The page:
Before the recent speech by Palestine Liberation Organization Chairman Mahmoud Abbas at the United Nations General Assembly in September, it was reported that he would call for international assistance and protection for Palestinian parliamentary elections. Indeed, Abbas issued that announcement during his speech1 and committed to calling for elections upon his return home from New York, saying “I will call for general elections in the West Bank, Gaza Strip, and Jerusalem, and we will hold those who object to the elections accountable to God, the international community, and history.”
When he returned to Palestine, Abbas first announced his intention to move forward with elections in a meeting2 with the Fatah Central Committee on October 1. He reiterated the call on October 3 at a meeting of the PLO’s Executive Committee, stating that the issue of legislative elections has been much delayed despite repeated efforts by the PLO to make them a reality.
On October 7, Abbas instructed3 the head of the Elections Commission, Hanna Nasser, to begin preparations for legislative elections. Additionally, Saeb Erekat, the PLO Executive Committee’s secretary general, reiterated the call for international assistance in ensuring an election in his meeting with UN representatives.
To better understand what might be motivating the sudden move toward elections, it is important to understand the contextual background that brought us to this point. The Palestinian National Authority (PNA) is a creation of the Oslo Peace Process and was supposed to serve as a government in waiting as the process of state formation was underway, at which point it would become the sovereign government of the State of Palestine. That, of course, never happened. Instead, the PNA continued to exist in limbo, with little actual authority as it relates to sovereign matters but with an assumption of certain administrative responsibilities over the occupied Palestinian population. This process also included a collapse of preexisting Palestinian institutions as new ones were formed.
The Palestinian National Authority (PNA) is a creation of the Oslo Peace Process and was supposed to serve as a government in waiting as the process of state formation was underway, at which point it would become the sovereign government of the State of Palestine.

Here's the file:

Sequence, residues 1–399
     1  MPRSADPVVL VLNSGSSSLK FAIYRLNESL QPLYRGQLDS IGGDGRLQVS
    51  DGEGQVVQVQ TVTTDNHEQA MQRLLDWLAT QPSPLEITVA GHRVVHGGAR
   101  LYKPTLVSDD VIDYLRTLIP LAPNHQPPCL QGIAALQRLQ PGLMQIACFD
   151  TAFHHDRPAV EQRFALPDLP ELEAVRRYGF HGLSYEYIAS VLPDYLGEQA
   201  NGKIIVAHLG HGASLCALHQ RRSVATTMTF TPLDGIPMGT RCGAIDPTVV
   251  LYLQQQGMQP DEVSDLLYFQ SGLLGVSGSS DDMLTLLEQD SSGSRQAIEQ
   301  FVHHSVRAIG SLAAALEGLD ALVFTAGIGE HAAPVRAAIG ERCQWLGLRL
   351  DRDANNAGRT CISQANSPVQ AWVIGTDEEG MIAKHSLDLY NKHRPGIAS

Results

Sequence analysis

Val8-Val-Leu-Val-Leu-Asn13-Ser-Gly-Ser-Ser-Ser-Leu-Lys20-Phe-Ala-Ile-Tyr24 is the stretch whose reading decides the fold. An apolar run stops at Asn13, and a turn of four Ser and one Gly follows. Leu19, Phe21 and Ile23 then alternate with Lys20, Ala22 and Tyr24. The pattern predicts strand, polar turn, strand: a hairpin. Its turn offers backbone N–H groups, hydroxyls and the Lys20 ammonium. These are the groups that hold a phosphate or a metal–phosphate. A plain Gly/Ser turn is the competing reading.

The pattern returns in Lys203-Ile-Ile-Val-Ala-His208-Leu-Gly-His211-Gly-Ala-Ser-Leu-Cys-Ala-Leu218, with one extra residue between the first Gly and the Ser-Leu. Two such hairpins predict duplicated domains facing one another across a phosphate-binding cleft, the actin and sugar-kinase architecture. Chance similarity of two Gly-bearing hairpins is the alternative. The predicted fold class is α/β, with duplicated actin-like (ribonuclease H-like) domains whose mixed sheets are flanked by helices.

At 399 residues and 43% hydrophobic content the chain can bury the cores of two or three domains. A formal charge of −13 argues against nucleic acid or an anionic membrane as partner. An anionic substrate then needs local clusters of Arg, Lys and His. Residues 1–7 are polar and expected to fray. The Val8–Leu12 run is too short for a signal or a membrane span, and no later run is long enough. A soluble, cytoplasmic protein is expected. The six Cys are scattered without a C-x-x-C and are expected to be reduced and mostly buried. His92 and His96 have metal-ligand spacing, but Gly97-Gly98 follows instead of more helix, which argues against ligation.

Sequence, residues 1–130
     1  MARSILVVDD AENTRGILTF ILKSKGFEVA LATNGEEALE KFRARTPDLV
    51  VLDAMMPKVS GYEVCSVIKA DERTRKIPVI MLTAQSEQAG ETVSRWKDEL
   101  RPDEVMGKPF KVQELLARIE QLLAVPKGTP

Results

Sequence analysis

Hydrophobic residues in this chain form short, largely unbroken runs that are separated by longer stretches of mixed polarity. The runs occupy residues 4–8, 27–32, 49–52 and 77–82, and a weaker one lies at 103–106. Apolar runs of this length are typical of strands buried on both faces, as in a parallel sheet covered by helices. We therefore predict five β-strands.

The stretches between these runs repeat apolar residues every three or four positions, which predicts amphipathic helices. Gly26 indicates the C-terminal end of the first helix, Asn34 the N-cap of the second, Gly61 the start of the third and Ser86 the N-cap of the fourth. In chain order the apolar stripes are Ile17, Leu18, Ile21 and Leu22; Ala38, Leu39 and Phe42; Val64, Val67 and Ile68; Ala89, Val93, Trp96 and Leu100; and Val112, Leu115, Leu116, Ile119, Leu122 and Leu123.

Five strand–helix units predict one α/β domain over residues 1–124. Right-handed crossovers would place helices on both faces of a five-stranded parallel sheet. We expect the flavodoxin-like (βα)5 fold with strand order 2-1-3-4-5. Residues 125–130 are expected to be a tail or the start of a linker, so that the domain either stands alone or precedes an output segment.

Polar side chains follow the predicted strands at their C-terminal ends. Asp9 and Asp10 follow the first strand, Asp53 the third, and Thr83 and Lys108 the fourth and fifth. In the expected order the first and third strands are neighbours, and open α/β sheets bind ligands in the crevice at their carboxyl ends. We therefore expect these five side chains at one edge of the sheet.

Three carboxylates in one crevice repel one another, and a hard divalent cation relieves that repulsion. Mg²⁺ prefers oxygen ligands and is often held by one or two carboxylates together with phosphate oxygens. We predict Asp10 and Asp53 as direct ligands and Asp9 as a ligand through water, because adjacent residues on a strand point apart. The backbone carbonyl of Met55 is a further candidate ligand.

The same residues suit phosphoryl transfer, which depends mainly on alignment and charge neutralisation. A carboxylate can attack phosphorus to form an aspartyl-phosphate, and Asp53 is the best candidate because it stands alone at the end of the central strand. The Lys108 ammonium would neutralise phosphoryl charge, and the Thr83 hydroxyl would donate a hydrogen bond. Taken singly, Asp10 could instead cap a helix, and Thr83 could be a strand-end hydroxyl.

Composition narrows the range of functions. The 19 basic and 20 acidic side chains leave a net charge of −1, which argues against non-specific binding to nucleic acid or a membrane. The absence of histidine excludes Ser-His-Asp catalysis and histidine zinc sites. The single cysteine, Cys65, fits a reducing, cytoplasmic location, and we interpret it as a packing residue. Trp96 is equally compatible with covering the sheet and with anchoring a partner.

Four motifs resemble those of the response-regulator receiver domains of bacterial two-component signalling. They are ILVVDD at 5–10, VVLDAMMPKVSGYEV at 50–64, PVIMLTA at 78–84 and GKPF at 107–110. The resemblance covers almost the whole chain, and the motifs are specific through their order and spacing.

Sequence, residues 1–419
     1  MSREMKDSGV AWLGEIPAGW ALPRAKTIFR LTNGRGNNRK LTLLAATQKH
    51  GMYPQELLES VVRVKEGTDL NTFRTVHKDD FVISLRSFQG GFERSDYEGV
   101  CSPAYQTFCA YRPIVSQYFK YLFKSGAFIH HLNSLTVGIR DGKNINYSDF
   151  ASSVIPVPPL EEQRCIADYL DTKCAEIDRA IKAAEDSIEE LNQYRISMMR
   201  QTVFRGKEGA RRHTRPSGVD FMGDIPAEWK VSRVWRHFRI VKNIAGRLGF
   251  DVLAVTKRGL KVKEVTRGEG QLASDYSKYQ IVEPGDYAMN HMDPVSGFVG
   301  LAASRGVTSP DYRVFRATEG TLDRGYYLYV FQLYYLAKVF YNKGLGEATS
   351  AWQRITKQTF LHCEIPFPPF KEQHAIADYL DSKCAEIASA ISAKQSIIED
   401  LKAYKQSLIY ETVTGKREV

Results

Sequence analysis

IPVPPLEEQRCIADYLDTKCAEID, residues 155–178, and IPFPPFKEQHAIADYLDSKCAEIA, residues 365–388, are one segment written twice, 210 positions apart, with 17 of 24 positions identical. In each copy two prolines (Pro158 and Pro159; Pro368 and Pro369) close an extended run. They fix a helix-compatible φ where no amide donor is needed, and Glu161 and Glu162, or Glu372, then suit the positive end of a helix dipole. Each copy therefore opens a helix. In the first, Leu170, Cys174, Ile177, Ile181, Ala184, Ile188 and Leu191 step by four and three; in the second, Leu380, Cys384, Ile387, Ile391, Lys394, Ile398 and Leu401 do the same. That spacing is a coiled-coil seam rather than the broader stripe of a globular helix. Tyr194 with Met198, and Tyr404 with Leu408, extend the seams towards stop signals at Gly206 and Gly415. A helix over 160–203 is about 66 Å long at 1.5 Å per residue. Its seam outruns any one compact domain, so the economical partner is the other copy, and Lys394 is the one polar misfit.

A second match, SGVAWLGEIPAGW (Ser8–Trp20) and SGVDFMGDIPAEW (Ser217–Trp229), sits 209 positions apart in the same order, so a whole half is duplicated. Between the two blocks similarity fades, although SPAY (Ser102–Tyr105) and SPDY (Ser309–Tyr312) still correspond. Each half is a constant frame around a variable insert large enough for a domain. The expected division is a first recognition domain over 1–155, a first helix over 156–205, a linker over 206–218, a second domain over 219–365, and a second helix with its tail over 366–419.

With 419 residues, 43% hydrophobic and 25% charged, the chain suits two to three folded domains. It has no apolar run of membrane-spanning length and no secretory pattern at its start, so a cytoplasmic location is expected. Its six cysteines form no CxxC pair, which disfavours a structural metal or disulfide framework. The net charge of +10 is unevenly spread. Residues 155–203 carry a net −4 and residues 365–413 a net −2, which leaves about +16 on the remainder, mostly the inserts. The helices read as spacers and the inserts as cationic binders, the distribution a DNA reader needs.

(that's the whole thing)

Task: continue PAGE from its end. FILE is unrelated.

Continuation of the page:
Previously, the Palestine Liberation Organization, had worked to keep the mantra of “sole legitimate representative of the Palestinian people”; however, the mechanisms through which legitimate representation was expressed and renewed in the PLO became increasingly defunct as the PLO assumed leadership of the Palestinian National Authority. New mechanisms for expressing and renewing legitimate representation would now be necessary, including elections of the Palestinian Legislative Council (PLC)—the parliamentary and lawmaking body of the state of Palestine—based entirely in occupied territory. This essentially replaced, or at minimum came to compete with, the preexisting Palestinian National Council, the representative body of the PLO, which was not geographically limited to the occupied territories but also included diaspora Palestinian communities and Palestinians in exile.
The collapse of these institutions is important because it impacted the legitimacy of the leadership. While still claiming to represent Palestinian national interests at the negotiating table, where the rights of a wide range of Palestinian stakeholders would be discussed, the Palestinian leadership would—at best—be getting a regular mandate from a subset of the stakeholders it claims to represent. This tension already began to create a legitimacy crisis for the Palestinian leadership, one that was exacerbated as the Oslo Process dragged on and revealed itself to offer little for Palestinians, particularly Palestinian refugees and citizens of Israel.